Addenbrooke’s Charitable Trust’s global health partnerships programme yesterday (Thursday) held a lecture and reception to celebrate 10 years of hospital staff volunteering in collaboration with healthcare workers across the globe, and announced its plans for the future.
A new future for Addenbrooke’s ten-year global health partnerships programme
The event also saw the launch of a change of name for the programme from Addenbrooke’s Abroad to Cambridge Global Health Partnerships. The new name reflects the programme’s growing work with health partnerships across the world, and aims to build on ten years of success by expanding the participation of Cambridge-based healthcare staff and academics to include other NHS staff and Cambridge Biomedical Campus partners.
Speakers at the event included, Minister of Health, Honourable Dorcas Makgato, Ministry of Health and Wellness, Botswana, who spoke about the role of health partnerships tackling the global health challenges that affect us all and Andrew Bastawrous, eye surgeon and social entrepreneur, speaking on Peek Vision (a portable eye examination system based on smartphones) and the importance of cross-sector collaboration to improve eye health services in low and middle-income countries.
Since the charitable programme was officially established in 2007 it has supported over 460 staff members to volunteer in excess of 10,100 days across 59 countries, training 3,860 people in a wide range of health specialisms.
The programme, which relies on charitable donations, supports staff in different roles to contribute to solving the global health challenges that affect us all. Active projects are ongoing in trauma and orthopaedics, neonatal and maternal health, critical care, ophthalmology, maxillofacial surgery and infectious diseases. Three long-term health partnerships have been established with the ministries of health of Botswana, El Salvador and Myanmar and there are plans to establish further partnerships in countries including The Philippines and Uganda, where the programme already has a project running in collaboration with a University of Cambridge research project.
Evelyn Brealey, Programme Director for Cambridge Global Heath Partnerships said: “We create and manage partnerships between hospitals and health professionals in Cambridge and our wider community, and governments and health organisations in low and middle-income countries. Our aim is to help solve common challenges and contribute to the achievement of the UN Sustainable Development Goals. There are exciting times ahead and we will continue to work to inspire people, harness their expertise and provide the support they need to make the biggest impact safely, effectively and ethically.”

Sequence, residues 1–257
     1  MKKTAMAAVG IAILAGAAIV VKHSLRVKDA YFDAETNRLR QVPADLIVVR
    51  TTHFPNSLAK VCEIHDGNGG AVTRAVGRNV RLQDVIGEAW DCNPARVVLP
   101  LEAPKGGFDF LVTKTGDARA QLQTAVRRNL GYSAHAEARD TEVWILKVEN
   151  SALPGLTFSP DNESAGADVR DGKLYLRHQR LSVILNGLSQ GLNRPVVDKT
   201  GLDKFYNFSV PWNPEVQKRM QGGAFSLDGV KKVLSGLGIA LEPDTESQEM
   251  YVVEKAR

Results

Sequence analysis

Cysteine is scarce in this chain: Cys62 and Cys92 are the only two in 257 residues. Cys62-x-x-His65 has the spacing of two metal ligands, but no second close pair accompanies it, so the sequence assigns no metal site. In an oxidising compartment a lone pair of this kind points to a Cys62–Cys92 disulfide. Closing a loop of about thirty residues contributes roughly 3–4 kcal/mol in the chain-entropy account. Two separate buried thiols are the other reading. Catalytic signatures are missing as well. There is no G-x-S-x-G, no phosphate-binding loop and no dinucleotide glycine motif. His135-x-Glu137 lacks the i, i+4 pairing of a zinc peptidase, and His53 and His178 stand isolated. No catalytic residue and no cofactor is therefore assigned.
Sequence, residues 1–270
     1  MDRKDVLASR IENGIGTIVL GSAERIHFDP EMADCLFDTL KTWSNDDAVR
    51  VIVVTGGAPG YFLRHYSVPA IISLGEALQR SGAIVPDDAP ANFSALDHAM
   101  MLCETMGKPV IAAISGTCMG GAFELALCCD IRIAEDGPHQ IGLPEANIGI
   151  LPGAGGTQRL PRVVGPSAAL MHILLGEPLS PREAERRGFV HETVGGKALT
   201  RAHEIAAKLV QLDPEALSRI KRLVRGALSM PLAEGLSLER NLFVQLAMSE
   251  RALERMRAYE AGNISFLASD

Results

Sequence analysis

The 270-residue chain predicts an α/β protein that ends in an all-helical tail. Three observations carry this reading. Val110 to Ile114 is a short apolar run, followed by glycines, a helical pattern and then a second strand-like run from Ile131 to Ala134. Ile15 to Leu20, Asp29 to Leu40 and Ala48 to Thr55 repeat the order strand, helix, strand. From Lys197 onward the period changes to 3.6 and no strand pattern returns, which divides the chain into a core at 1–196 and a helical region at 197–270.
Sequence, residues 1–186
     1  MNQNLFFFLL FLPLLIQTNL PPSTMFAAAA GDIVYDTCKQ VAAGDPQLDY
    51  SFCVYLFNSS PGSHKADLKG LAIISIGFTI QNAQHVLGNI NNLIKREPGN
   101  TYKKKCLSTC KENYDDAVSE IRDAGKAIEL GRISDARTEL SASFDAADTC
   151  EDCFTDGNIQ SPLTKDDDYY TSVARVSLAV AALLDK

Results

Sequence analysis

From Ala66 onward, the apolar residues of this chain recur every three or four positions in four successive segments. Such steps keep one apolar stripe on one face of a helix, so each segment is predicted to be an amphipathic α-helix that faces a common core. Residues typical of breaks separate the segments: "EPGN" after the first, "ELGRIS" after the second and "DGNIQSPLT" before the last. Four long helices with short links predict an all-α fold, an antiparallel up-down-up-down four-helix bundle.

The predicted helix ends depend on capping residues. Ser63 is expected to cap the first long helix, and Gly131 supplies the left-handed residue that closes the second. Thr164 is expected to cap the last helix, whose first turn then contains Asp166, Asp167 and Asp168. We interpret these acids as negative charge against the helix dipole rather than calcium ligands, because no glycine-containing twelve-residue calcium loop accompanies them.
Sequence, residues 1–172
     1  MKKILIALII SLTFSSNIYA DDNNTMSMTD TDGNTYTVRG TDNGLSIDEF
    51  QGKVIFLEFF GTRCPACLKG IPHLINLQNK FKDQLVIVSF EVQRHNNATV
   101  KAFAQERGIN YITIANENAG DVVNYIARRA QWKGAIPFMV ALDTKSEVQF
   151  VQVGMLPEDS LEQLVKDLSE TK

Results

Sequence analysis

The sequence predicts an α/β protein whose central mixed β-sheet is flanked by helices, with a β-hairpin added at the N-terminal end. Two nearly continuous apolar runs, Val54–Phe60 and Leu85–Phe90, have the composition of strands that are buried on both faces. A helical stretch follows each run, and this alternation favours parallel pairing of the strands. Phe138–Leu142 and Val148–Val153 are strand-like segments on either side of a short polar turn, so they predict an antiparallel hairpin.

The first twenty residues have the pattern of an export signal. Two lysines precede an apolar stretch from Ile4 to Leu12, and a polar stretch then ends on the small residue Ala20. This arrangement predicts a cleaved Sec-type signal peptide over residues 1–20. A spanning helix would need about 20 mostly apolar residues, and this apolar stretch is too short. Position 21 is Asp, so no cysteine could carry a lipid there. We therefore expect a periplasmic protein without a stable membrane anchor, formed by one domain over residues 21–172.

To achieve its mission of inspiring and enabling people to improve healthcare globally, the next ten years will see Cambridge Global Health Partnerships extending its reach to involve more healthcare workers, and maximise opportunities for reciprocal learning, development and research, by working more closely with partners across Cambridge and the global health community.
David Wherrett, Chair of Cambridge Global Health Partnerships and Director of Workforce at Cambridge University Hospitals (CUH) said: “In ten years our programme has grown in experience, expertise and ambition and I have been delighted to see how our staff volunteers have contributed in various ways, environments and countries around the world. For many of our volunteers it has been a transformative experience and we have seen very material benefits in terms of motivation, team building and leadership, as well as improvements to our own practices at CUH that have resulted from our volunteers’ experiences. I very much look forward to Cambridge Global Health Partnerships achieving even greater things in the next ten years.”
To find out more about Cambridge Global Health Partnerships please go to www.act4addenbrookes.org.uk/cambghp or call 01223 349824.
Addenbrooke's Charitable Trust (ACT) is the independent registered charity for Cambridge University Hospitals (including Addenbrooke's Hospital and the Rosie Hospital).